Calls for a statue of the Queen on Trafalgar Square’s Fourth Plinth have been met with cries of support in the House of Commons.
Shouts of “hear, hear” were heard from some MPs in the chamber after Conservative former minister Sir John Hayes floated the idea to commemorate Elizabeth II, who died aged 96 on September 8.
Heather Phillipson’s The End monument – featuring a whirl of whipped cream topped with a cherry, a drone and a fly – is among the artworks to have been housed on the Fourth Plinth at the London landmark.
Sir John told the Commons: “Since the death of Queen Elizabeth II we have witnessed an extraordinary nationwide, indeed kingdom-wide, response – a moving mix of sorrow at our loss and celebration of a life of remarkable service.
“So that that mood is marked forever and remembrance can last for generations to come, a fitting national memorial needs to be established.
“Will the Leader of the House therefore agree with me that a statement be brought to this House on what form that memorial might take?
“For me, a statue on the final plinth on Trafalgar Square would be ideal.”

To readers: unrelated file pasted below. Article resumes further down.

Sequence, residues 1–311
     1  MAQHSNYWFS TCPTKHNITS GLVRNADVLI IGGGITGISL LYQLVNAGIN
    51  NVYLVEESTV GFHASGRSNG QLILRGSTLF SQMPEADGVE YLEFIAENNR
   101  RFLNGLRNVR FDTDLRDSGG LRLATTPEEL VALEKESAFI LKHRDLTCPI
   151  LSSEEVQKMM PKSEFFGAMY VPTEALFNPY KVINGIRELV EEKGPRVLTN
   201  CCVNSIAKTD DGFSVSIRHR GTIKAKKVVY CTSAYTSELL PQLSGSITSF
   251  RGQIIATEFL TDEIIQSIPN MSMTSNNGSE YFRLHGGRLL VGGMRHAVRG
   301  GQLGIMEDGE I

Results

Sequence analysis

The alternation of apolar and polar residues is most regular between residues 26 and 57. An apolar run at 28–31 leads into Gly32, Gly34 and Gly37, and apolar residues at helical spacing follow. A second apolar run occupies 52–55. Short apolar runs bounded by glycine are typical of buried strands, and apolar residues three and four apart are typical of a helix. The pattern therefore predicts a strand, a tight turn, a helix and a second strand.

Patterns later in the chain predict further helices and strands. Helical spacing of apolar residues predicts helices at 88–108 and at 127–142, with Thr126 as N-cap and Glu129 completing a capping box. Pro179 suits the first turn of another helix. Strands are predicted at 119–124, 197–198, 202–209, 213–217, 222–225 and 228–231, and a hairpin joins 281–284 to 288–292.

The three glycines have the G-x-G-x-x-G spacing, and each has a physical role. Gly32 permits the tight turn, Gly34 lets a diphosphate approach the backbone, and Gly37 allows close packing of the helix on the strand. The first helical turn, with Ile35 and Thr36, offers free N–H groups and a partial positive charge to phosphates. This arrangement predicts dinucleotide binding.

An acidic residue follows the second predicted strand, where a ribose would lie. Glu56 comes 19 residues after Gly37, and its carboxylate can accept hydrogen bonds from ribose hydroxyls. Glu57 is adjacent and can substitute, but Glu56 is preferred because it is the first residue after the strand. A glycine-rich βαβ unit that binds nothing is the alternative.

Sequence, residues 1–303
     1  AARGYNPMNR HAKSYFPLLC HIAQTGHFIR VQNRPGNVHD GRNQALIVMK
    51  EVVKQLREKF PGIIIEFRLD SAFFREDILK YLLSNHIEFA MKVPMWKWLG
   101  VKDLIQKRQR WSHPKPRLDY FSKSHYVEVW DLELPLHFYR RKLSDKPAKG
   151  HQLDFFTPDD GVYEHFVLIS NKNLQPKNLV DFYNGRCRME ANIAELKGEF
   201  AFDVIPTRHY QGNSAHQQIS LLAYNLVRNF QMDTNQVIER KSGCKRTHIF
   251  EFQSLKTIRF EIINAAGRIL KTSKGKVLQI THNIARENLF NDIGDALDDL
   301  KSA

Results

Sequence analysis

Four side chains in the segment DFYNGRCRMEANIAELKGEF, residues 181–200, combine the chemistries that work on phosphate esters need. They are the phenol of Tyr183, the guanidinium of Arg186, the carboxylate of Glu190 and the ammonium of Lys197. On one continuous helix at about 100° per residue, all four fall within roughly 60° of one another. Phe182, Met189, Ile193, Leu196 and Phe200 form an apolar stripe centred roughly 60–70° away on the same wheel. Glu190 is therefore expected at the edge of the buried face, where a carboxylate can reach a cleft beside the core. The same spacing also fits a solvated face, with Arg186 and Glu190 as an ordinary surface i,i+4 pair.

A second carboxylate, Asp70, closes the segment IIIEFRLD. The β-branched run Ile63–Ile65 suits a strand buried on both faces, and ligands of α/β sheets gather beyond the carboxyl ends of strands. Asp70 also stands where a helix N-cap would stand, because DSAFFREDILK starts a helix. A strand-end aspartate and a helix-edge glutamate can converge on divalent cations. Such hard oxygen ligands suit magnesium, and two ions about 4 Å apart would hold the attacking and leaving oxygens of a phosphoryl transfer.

Commons Leader Penny Mordaunt replied: “I thank (Sir John) for his suggestion.
“Clearly these will be matters that will concern many members and will involve other bodies outside of this House, but I shall certainly raise this with the Secretary of State for DCMS (Michelle Donelan) and ensure she properly consults members on their wishes as plans are taken forward.”
Conservative former minister Tobias Ellwood later suggested renaming a bank holiday in the Queen’s honour.
He told the Commons: “I do believe a worthy way to immortalise Queen Elizabeth, what she did for our country, the longest-serving monarch, would be to rename one of our bank holidays the ‘Elizabeth Day’.”
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